Galerucella calmariensis (Linnaeus, 1767)
Generally common throughout Europe from the Mediterranean north to the UK, Denmark and southern Fennoscandia, also widespread across North Africa and Asia Minor and extending through Russia and Mongolia to China and Japan. Introduced into many sites across the United States and Canada from 1992 as a biocontrol agent for Purple Loosestrife (Lythrum salicaria L.), it is now widely established and spreading. The species is locally common throughout England and Wales, though less so in the north east, widespread but scattered in Ireland and there is an old record from Scotland. Typical habitats are wetland margins, marshes and bogs, peatland and coastal grassland but they sometimes occur in numbers where the host is common in drier habitats such as waste ground and parkland. Adults are present year-round, they overwinter in stems or among litter etc. and are active from April until October, peaking in abundance during June. The species is monophagous on Purple loosestrife, in Europe it has also been recorded from European Wand Loosestrife (L. virgatum L.) although it is not known whether this is a larvae host. Overwintered adults feed on the tips of fresh foliage before mating and females oviposit during May and June. Eggs are laid on the underside of leaves or on stems or leaf axils in small groups of two to ten, this continues for about two months and each female may produce up to 400 eggs over this time. Larvae feed externally, initially on tender leaves and buds but as they grow they will attack any part of the plant, producing large translucent blotches and often causing extensive defoliation during the summer, they develop rapidly, passing through three instars and then falling to the ground to pupate in the soil. The cycle from egg to adult takes about six weeks and new-generation adults appear continuously from late June until September. Overwintered adults persist into the summer and they may occur for a while alongside the new-generation adults, their oviposition periods overlapping, but those emerging later in the summer will not mature sexually until they have overwintered. The species is univoltine in the UK but on the continent there may be several generations each year. Adults may be sampled by sweeping or beating host foliage; they usually occur in numbers and often disperse by flight, seeking out fresh host material, especially on warm days in spring and early summer.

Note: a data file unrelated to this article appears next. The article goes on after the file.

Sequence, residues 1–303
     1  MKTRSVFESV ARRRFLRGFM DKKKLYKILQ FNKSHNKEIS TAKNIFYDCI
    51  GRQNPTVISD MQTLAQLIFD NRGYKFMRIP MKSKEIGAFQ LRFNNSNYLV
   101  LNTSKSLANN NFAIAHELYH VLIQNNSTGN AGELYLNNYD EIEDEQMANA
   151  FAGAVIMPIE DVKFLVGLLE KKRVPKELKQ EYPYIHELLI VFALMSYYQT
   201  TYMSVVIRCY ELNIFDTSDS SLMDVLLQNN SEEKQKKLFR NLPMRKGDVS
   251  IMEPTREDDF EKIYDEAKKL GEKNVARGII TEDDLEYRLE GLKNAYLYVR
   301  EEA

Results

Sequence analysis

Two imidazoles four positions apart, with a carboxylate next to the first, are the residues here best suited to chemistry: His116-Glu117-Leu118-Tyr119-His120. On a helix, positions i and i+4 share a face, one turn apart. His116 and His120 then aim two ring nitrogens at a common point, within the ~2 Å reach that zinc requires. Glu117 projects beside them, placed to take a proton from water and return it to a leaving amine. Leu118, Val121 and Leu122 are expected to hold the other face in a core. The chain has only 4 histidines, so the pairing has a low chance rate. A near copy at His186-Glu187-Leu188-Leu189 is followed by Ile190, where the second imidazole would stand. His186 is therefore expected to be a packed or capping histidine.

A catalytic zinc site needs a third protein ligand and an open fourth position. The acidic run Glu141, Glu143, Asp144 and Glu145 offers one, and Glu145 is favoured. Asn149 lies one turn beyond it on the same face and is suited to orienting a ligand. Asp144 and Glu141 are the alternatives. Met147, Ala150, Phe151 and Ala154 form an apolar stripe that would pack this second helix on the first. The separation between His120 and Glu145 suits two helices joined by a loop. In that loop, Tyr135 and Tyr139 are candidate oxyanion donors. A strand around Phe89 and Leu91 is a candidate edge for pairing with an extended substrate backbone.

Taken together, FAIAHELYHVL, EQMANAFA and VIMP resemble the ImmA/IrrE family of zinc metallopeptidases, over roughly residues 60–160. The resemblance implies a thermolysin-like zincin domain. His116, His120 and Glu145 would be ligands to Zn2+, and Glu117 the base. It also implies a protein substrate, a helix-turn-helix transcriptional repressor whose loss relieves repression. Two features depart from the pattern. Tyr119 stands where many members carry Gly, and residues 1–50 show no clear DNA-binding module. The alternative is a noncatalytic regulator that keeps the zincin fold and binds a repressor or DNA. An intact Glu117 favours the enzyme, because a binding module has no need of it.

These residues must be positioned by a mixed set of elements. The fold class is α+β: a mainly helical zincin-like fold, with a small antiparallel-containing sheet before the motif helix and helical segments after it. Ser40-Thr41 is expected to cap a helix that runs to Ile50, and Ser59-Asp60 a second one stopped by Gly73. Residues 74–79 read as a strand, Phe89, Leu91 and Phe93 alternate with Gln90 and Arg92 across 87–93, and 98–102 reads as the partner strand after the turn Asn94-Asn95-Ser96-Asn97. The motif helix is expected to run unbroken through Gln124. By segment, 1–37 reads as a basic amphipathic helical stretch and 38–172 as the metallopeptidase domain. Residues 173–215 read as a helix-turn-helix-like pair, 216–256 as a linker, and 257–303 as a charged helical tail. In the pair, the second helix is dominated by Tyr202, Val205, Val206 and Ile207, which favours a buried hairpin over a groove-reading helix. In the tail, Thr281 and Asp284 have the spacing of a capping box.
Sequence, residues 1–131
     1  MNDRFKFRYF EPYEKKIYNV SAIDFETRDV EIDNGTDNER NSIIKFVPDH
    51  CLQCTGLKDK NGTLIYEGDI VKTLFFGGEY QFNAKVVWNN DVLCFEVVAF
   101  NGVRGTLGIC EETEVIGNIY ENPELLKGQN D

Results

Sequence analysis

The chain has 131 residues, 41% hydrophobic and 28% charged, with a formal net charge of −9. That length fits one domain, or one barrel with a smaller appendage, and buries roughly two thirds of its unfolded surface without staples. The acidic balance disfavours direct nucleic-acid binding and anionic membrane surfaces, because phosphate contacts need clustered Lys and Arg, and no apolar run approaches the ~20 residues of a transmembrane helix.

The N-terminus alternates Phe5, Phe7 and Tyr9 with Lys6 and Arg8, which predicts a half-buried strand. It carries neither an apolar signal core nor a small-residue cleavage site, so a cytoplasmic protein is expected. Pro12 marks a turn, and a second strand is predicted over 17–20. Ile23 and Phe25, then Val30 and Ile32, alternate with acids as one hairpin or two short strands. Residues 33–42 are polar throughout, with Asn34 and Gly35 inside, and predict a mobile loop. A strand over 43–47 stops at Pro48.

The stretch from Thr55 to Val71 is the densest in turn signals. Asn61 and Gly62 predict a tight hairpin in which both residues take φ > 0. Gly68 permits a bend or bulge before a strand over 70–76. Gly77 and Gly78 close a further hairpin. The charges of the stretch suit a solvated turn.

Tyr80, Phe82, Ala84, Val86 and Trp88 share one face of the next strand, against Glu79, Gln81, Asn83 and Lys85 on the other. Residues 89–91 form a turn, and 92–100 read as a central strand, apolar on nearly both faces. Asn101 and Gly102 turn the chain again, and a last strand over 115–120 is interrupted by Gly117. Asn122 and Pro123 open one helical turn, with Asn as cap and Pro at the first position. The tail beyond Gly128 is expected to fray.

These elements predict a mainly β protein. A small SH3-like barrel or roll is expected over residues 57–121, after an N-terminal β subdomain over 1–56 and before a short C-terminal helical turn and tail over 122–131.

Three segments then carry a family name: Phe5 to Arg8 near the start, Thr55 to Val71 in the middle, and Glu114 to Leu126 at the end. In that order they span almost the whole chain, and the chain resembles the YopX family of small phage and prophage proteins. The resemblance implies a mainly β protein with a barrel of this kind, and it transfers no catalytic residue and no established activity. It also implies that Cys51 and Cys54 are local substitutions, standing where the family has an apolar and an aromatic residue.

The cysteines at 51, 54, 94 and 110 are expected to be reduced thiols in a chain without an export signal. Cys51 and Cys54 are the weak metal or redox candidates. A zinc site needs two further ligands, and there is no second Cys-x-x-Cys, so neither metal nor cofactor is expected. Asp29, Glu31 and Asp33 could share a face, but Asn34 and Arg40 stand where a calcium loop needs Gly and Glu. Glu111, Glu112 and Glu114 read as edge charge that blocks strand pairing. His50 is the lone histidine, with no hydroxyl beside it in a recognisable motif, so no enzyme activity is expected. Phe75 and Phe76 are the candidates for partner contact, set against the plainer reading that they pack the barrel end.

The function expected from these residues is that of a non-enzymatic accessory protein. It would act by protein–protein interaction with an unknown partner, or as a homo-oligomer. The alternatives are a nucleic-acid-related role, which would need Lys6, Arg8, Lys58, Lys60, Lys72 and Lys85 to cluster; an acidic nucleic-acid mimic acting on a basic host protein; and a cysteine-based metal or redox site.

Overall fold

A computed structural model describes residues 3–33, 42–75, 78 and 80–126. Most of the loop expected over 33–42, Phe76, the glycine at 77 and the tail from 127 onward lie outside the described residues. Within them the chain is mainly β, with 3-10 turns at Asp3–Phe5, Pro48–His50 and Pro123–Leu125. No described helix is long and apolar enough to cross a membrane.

Galerucella calmariensis 1
Galerucella calmariensis 2
Galerucella calmariensis 3
3.9-4.9 mm. Body finely pubescent, pale brown with vertex, pronotal disc, scutellum and a broad longitudinal stripe on each elytron black, antennae pale at the base, becoming darker to the apex, legs pale brown. Head much narrower than the pronotum, finely punctured between large convex eyes and with the antennae inserted anteriorly beyond the front margin of the eyes. Pronotum transverse, broadest near the middle and narrowed to rounded posterior and a rounded apical margin, disc and basal margin matt, contrasting with the shiny apical margin and with scattered large punctures towards the margins. Elytra elongate (about 4.5X longer than the pronotum), parallel-sided or slightly dilated from rounded shoulders to a continuous apical margin and with the explanate margin clearly visible throughout from above and becoming broader around the apex, surface randomly and moderately strongly punctured. Apical abdominal sternite in males with a deep notch which extends beyond the middle, in females with a shallow notch which does not reach the middle. Males with short spurs to the middle and hind tibiae. Typical specimens are easily recognized in the field, especially when swept from the host plant; the longitudinal dark line along the centre of the pronotum and the long elytral stripes are distinctive. G. pusilla (Duftschmid, 1825), which also occurs on the host, can be similar but the pronotum has at most a small and indistinct median spot and the elytra are extensively pale, being darker only about the shoulders. Here the males have a single spur on the middle tibiae and the hind tibiae are unarmed, and females have a much shallower notch to the apical abdominal sternite. Sometimes both species occur together, in which case the difference in colour soon becomes obvious.